Thursday, September 12, 2013
Stress about tests? Maybe you use the wrong ways to learn
What's the best way to learn for a test, an interview or a presentation? It’s the kind of thing that can stress any of us – and does not make for a happy life. Scientific American Mind has just published a review of work carried out by researchers earlier this year on this very topic.
Maybe surprisingly for some of us, the least effective were summarising, highlighting passages of text, re-reading, using keyword mnemonics, and using imagery (unless the material lends itself particularly well imagining). Well, that explains my poor exam performances in the past!
Taking practice tests and scheduling your studying over time were the most effective. Which makes sense to me, because I did best in the old “O” levels where we practised lots of past papers during the term preceding the exams.
Ten different learning techniques were examined by Dunlosky his team, and here’s a summary of the results which I have tracked down in their original paper (ref below):
Low effectiveness: Summarising, Highlighting/underlining, Keyword mnemonic (using keywords and mental imagery), Imagery for text (making mental images from the text), Re-reading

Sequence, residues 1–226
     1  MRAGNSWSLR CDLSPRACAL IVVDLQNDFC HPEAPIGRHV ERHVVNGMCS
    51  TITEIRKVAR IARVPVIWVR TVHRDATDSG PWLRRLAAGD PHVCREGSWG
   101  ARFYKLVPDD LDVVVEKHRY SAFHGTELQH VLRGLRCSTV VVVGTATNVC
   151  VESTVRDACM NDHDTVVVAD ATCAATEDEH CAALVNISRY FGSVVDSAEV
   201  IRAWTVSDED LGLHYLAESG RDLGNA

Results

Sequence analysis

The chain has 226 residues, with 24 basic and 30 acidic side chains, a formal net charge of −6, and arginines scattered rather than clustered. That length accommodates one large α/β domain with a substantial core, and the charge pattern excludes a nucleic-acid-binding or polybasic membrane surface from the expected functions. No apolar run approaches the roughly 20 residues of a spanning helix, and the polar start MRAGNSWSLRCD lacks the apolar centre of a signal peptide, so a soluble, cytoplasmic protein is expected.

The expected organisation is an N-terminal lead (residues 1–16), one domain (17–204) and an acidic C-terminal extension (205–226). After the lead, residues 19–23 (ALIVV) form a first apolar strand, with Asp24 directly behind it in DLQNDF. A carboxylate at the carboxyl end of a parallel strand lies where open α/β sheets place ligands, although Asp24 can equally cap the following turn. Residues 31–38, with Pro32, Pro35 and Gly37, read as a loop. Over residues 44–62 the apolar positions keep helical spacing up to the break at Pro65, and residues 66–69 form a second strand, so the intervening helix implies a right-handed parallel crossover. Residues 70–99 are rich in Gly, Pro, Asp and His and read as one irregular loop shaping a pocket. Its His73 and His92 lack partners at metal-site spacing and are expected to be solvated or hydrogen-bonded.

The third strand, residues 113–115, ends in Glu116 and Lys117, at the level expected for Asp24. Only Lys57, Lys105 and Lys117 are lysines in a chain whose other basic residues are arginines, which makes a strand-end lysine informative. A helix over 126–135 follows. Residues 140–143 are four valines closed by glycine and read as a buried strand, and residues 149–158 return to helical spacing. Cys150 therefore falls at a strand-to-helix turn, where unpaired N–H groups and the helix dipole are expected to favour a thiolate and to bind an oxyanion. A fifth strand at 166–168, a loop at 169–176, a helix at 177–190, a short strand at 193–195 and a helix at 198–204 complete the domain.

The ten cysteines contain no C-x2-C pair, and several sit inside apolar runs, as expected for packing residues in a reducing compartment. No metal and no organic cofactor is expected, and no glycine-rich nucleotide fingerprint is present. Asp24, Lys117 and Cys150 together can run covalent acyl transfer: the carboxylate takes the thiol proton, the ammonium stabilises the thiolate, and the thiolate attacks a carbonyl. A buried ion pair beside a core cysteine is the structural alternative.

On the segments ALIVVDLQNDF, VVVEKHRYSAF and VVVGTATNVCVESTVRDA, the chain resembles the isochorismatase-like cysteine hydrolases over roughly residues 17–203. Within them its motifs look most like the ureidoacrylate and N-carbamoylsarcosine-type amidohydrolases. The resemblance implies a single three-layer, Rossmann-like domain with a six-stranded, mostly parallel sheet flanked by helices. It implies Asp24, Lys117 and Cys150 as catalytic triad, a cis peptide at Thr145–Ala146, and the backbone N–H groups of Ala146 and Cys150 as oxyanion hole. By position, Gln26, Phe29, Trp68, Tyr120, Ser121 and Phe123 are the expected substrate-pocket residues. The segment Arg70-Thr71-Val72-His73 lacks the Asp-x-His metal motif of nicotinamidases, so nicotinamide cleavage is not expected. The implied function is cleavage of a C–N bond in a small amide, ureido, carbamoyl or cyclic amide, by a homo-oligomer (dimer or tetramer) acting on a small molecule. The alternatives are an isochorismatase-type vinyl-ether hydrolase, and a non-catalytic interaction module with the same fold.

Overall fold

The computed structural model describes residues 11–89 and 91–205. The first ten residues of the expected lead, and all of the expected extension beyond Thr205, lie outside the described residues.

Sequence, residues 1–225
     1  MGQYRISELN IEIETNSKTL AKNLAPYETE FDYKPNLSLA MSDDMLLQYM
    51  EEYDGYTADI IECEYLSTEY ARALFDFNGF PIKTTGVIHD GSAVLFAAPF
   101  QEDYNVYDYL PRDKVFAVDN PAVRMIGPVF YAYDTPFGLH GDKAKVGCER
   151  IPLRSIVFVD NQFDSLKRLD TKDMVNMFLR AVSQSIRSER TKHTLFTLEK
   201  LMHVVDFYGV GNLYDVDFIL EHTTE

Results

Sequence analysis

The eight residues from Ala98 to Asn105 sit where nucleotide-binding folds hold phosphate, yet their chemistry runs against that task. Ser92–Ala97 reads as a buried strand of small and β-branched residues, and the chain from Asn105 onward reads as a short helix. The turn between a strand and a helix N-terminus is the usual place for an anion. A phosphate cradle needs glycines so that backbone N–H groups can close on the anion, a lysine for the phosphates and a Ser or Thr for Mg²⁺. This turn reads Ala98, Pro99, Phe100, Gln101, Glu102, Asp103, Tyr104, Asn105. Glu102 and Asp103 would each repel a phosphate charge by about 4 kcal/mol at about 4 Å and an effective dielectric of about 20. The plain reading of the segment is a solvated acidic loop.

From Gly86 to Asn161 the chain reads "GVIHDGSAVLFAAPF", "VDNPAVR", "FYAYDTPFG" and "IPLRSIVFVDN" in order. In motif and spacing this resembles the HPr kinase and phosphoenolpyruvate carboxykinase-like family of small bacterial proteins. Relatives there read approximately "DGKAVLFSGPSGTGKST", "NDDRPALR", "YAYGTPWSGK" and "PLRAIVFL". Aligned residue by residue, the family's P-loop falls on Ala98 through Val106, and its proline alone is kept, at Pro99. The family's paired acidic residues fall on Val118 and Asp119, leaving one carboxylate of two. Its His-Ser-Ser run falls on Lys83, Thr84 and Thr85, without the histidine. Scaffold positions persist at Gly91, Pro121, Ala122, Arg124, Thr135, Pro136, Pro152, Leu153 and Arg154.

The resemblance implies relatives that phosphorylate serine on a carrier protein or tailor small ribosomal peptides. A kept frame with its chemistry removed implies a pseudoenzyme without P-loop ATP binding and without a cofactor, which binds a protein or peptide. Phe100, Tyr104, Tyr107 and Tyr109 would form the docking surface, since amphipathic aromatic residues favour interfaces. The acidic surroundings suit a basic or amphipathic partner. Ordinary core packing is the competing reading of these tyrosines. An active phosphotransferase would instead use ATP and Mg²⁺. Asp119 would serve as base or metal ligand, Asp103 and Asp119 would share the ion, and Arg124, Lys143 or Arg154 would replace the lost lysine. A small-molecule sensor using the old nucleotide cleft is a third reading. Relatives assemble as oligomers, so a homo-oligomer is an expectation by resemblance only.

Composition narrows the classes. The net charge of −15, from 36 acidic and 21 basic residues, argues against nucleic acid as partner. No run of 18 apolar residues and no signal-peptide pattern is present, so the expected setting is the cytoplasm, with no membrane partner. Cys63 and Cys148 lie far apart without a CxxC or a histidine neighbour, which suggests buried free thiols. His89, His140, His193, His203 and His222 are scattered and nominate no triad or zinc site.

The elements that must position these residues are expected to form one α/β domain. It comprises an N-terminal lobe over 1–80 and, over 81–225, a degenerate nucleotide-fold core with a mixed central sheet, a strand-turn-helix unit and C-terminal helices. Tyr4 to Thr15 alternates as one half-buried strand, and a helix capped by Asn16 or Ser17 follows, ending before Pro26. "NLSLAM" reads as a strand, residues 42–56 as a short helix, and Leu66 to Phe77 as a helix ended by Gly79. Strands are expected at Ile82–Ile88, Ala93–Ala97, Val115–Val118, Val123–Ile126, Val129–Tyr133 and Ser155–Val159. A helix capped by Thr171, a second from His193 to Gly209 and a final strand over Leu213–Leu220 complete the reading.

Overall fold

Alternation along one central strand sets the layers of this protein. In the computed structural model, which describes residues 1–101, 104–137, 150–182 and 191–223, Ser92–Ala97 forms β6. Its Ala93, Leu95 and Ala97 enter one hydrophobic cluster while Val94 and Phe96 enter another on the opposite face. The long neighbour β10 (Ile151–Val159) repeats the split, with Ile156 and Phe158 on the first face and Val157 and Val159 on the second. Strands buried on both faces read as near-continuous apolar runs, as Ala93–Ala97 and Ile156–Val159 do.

Moderate effectiveness: Elaborative interrogation (explaining why some fact or concept is true), Self-explanation (explaining how new information relates to known information, or explaining steps taken during problem solving), Interleaved practice (mixing different kinds of study or study material within a session).
High effectiveness: Practice testing (‘flash cards’ or taking practice tests), Distributed practice (scheduling your study over time).
The authors don't claim miracle improvements, but do recommend you use the more highly effective methods! And this applies to your kids doing their studies, of course...
Ref. Dunlosky et al., (2013), Improving Students’ Learning With Effective Learning Techniques: Promising Directions From Cognitive and Educational Psychology, Psychological Science in the Public Interest. 14(1) 4–58